Tuesday, December 8, 2009

JVP’s devolution dilemma - Island Editorial Dec. 8, 2009

Politics, to cynics, means poly-tricks. For, politicians practise the art of playing tricks on the hoi polloi and bluffing their way through. The two main parties in this country stand accused of pulling the wool over the eyes of electors to capture or retain political power. For them promises are like pie crust––made to be broken. The SLFP and UNP manifestoes are, in our book, like comics; they are there to be enjoyed and discarded. Therefore, when the SLFP and the UNP blame each other for 'broken promises', they behave just like two women of easy virtue engaged in a slanging match near a public tap.

Are other parties any different? The JVP always claims moral high ground and pontificates to others. It coined a very innovative slogan some years ago to cast the two main parties in a bad light and to project itself as a paragon of virtue. It read: unuth ekai, munuth ekai, which meant both the SLFP and the UNP were equally bad. But, the JVP's policies have been as inconsistent as those of the SLFP and the UNP.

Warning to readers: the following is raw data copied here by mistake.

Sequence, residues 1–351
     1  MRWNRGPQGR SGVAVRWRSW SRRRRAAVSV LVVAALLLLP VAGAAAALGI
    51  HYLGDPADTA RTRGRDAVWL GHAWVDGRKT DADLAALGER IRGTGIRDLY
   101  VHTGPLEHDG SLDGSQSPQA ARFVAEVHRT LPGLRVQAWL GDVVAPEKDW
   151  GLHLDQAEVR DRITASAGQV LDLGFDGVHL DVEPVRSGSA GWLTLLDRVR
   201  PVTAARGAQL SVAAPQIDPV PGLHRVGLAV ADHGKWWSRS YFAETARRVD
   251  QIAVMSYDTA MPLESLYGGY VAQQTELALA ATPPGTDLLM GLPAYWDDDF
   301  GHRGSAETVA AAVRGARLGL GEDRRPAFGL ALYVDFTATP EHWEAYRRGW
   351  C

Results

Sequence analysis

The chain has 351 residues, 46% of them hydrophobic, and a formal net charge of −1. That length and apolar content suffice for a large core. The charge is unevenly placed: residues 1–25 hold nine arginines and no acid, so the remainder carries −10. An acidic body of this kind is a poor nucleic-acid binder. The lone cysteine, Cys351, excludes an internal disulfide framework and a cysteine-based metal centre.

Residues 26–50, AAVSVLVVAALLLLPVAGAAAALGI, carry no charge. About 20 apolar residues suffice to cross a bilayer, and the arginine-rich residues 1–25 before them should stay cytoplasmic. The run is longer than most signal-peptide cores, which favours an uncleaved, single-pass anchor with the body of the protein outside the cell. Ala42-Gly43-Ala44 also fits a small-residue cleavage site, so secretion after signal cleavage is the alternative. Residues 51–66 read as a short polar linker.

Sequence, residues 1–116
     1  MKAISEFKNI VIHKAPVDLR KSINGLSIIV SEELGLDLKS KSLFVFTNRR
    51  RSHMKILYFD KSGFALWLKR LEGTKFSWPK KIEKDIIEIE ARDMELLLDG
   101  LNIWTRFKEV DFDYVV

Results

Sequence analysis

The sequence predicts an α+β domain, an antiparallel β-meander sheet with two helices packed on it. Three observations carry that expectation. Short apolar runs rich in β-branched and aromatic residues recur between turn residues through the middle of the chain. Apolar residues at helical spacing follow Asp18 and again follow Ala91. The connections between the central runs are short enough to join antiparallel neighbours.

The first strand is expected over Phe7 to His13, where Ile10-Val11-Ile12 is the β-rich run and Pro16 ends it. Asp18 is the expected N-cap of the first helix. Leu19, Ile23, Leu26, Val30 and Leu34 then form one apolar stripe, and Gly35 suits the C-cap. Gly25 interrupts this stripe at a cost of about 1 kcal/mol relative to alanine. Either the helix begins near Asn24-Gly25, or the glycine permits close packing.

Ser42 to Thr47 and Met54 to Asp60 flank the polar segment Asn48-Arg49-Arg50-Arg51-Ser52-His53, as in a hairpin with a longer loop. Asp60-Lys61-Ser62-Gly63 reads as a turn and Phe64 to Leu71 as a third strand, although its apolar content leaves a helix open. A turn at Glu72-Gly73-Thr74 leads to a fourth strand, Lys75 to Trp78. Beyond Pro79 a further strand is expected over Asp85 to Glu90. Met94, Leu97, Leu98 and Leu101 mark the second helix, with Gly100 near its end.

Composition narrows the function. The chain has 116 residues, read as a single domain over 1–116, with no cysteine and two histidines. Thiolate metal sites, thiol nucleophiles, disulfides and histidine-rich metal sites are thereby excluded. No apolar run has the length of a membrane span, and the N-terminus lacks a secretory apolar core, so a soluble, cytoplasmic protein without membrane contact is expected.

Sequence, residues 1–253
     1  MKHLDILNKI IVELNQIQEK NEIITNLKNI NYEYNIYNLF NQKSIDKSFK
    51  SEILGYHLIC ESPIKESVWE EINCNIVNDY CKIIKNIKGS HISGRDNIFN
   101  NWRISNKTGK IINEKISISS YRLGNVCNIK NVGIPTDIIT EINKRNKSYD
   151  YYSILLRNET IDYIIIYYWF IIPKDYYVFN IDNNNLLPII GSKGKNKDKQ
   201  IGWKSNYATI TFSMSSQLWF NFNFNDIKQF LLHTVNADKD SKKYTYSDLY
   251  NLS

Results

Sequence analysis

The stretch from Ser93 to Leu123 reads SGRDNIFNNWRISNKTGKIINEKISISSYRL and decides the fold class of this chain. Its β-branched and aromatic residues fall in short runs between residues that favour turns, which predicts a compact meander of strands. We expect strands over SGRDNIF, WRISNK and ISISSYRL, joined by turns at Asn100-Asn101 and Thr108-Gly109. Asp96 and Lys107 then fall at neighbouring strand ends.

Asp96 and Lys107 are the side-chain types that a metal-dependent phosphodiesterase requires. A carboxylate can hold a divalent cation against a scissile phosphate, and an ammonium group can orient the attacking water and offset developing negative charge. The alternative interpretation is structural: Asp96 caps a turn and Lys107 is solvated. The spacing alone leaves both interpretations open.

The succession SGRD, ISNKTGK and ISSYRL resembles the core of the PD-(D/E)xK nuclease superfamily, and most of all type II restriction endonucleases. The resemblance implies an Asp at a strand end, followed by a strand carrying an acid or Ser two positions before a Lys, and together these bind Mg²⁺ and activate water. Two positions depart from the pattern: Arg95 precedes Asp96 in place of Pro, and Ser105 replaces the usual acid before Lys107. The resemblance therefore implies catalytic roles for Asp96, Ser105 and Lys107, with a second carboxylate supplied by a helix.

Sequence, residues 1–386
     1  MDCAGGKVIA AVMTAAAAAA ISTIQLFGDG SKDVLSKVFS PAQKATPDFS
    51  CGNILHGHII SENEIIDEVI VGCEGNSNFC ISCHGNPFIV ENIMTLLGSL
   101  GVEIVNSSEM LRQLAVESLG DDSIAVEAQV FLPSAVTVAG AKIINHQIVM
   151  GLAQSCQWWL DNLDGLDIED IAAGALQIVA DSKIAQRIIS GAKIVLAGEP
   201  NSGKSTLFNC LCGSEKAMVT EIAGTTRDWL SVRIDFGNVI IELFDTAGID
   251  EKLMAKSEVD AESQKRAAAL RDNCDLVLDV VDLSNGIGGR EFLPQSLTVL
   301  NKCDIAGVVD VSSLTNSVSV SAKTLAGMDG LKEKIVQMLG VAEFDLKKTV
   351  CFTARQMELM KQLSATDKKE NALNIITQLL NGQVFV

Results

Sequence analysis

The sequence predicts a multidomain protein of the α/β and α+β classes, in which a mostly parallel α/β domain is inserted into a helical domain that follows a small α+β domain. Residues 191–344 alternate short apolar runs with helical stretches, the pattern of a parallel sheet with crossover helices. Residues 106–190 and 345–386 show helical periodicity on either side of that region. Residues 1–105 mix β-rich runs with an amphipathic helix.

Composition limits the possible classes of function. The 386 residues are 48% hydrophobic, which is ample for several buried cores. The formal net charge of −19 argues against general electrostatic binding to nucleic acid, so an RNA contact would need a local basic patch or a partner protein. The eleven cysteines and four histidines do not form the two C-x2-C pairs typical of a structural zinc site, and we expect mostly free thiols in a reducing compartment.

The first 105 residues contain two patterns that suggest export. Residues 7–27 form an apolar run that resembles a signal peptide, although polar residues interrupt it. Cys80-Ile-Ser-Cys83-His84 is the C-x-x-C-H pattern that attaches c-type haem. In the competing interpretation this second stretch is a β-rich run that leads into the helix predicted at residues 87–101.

On Sunday, JVP General Secretary Tilvin Silva asked President Mahinda Rajapaksa whether he had agreed to a devolution model that went beyond the 13th Amendment. The JVP said the President had to do so since EPDP leader Douglas Devananda had put forth some conditions for supporting President Rajapaksa's candidature at the next presidential election and one of them was that the government should agree to go beyond the provincial council system in granting devolution to the North and the East. The JVP's right to raise that question cannot be questioned but strangely it has baulked at posing the same query to the Opposition's common candidate Sarath Fonseka, who is blowing hot and cold about the issue of devolution.

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